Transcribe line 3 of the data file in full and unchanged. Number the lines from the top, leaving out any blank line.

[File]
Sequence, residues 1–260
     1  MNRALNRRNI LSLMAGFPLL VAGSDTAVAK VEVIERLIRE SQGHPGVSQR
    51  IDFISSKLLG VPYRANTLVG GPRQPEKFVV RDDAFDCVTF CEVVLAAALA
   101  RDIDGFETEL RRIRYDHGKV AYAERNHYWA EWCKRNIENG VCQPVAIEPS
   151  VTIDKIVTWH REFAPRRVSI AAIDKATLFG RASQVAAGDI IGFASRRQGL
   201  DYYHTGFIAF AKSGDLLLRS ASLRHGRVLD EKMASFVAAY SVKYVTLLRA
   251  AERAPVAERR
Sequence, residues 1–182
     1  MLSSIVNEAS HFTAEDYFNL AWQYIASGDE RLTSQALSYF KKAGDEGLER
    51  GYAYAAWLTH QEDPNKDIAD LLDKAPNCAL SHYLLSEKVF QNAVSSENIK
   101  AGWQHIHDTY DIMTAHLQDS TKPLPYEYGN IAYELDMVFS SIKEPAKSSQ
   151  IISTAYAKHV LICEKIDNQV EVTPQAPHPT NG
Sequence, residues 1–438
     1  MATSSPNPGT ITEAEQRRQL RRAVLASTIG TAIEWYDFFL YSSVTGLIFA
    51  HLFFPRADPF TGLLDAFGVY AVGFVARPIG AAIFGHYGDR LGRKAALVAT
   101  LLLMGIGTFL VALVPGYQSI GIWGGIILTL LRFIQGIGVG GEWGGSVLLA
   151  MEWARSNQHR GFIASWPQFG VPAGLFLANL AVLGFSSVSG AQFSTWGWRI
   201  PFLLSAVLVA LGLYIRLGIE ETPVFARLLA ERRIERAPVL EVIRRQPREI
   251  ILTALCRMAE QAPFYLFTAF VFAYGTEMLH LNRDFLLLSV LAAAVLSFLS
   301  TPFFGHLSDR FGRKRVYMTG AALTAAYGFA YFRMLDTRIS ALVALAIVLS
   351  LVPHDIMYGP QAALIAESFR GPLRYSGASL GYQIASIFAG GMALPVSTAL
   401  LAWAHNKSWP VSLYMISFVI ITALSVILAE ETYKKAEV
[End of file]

    51  IDFISSKLLG VPYRANTLVG GPRQPEKFVV RDDAFDCVTF CEVVLAAALA